Friction between institutions is sign of a “vibrant” democracy and the judiciary must hold its ground to shield its independence, outgoing Chief Justice of India R M Lodha has said. This independence may get affected if the executive gets a say in judges’ appointments, he said in Friday.
Replying to a question by The Indian Express on his relationship with the NDA government, Justice Lodha said many problems occur only because there is no definite demarcation of powers between institutions and one organ may feel there is encroachment by another.
“Frictions are signs of a strong democracy. If judiciary works within its sphere, nobody should mind. What is bad is encroaching on others’ field,” he said.
On the proposed law by the NDA government to scrap the collegium system for appointing judges to higher judiciary, he said: “It is my view that if appointments to higher judiciary are made by an institution or by a body in which persons other than judges are involved, it may affect independence (of the judiciary).
“Judges are best equipped to adjudge the suitability of a person because as judges we know all about their court craft, behaviour, skill and legal knowledge,” said Justice Lodha, the 41st CJI who leaves office on Saturday.
Lodha, however, pointed out that there was no institutionalised system to highlight the fairness and objectivity with which judges are appointed by a collegium.
“One may be justified (in saying) that there is no visible mechanism. However, we do have in-built guidelines that we follow before we appoint judges. But since all this is not visible, it is often said that ours is the only system where judges appoint themselves,” he said.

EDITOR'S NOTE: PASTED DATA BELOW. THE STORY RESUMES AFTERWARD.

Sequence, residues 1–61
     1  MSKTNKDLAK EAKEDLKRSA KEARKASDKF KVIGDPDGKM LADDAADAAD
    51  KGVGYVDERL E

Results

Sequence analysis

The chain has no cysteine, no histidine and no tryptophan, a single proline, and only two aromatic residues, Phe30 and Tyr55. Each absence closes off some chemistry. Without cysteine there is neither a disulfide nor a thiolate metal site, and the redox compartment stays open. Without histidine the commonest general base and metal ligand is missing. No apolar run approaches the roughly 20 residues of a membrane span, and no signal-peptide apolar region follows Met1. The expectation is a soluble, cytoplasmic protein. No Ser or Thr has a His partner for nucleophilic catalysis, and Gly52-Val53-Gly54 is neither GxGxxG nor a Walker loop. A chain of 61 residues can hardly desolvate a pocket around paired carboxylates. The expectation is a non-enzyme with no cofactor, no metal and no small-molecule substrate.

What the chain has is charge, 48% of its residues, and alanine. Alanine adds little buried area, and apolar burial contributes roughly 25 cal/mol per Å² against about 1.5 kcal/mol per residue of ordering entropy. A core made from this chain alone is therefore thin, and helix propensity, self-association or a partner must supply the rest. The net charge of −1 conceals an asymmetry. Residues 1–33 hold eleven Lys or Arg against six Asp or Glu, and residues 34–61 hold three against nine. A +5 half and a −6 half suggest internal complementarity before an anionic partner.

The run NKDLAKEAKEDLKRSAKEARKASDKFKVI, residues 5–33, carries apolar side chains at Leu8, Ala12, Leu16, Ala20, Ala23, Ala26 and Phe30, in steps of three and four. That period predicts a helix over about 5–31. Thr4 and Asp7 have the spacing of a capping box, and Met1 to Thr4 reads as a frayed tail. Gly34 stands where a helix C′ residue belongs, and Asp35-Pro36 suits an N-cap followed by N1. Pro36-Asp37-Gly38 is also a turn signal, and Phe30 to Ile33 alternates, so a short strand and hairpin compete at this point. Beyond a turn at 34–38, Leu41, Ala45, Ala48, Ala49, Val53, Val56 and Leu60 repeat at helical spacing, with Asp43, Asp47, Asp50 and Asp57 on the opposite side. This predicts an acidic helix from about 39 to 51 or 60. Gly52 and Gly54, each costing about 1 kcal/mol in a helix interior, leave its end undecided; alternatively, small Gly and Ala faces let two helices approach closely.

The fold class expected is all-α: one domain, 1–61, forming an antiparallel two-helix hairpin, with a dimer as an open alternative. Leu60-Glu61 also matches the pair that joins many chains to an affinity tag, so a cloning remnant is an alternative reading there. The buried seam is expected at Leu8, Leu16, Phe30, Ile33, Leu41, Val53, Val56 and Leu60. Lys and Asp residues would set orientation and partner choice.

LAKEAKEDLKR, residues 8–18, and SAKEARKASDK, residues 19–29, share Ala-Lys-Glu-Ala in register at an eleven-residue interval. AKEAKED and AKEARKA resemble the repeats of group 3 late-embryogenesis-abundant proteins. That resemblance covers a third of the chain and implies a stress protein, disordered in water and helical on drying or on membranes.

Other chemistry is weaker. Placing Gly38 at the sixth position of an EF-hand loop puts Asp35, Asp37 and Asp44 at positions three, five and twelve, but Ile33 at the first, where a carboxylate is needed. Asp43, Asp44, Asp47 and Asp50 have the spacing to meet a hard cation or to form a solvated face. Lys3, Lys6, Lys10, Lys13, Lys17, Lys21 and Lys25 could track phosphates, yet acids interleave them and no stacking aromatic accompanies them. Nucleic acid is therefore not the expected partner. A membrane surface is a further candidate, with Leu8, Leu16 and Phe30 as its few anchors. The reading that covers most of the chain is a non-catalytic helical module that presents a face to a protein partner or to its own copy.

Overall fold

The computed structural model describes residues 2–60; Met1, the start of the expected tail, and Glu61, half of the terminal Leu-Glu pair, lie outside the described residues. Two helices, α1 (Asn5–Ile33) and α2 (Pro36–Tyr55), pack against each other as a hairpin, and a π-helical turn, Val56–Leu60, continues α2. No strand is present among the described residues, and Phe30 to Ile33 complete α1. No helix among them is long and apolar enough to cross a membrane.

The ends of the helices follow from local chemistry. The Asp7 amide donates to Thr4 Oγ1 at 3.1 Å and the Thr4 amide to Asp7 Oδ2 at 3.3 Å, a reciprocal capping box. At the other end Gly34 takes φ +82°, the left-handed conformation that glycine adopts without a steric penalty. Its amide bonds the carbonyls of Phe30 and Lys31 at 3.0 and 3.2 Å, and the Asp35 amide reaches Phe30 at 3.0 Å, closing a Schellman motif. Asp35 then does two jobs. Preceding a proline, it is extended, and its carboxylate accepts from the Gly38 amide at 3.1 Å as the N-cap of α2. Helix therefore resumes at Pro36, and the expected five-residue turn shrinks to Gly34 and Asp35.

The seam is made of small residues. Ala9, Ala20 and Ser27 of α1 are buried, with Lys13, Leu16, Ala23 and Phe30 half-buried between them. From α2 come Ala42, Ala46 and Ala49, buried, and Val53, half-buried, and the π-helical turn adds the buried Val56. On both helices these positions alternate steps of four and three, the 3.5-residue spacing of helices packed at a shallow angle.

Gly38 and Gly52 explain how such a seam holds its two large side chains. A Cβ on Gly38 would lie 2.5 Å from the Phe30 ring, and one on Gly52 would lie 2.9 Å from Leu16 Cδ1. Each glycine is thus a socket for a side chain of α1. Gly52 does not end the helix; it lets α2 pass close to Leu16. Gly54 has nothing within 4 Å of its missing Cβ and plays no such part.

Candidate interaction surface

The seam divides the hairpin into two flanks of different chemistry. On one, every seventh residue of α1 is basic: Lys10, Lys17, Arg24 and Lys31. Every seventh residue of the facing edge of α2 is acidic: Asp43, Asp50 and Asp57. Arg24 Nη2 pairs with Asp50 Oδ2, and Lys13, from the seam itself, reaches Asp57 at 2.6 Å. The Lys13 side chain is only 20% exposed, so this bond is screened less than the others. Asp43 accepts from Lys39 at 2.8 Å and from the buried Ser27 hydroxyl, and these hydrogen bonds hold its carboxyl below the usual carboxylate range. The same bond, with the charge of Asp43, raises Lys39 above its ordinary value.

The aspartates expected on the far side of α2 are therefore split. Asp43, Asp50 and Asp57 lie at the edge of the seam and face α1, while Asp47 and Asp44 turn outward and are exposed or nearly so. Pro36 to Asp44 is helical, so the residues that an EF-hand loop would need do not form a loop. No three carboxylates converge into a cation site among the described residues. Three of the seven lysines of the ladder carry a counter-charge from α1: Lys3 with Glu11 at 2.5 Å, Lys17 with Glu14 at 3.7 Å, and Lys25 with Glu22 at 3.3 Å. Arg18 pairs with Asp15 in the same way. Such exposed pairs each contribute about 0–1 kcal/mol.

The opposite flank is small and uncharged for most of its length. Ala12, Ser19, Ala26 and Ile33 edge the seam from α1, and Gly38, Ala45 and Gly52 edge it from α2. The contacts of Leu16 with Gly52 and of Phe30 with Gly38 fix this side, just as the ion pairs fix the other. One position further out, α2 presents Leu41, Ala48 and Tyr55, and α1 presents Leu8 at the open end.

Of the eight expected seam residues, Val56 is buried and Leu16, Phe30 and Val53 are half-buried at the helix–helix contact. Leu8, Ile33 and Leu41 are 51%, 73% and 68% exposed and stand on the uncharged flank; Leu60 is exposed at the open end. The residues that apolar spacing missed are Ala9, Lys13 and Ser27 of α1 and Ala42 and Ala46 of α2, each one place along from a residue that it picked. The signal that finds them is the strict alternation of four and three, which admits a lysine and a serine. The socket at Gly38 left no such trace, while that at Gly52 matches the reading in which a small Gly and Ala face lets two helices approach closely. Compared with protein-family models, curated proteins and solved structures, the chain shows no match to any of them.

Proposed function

The CJI said there were also mechanisms to deal with issues relating to corruption in judiciary and complaints of sexual harassment. He maintained that for an institution like the Supreme Court, even one instance of sexual harassment was “unacceptable”.
When asked about the verdict in the coal block allocation case, he said the order was “in black and white” and that it was not for the judges to “explain or justify” their judgment once they have decided it on the touchstones of legal principles.
On the controversy surrounding his predecessor Justice P Sathasivam accepting the post of Kerala’s governor, he said he would not accept such an appointment.
“I think judges should not take up any constitutional or governmental post for at least two years after retirement,” he said, adding he would not be Lokpal or take any assignment offered by the government.
The CJI said there should not be any reservation for backward classes in the judiciary since merit was non-negotiable, but attempts should be made to have judges from all backgrounds.
Justice Lodha disclosed that there was never any proposal by collegium to appoint Karnataka High Court judge K L Manjunath as the chief justice of the Punjab and Haryana High Court. There have been spate of corruption complaints against Manjunath.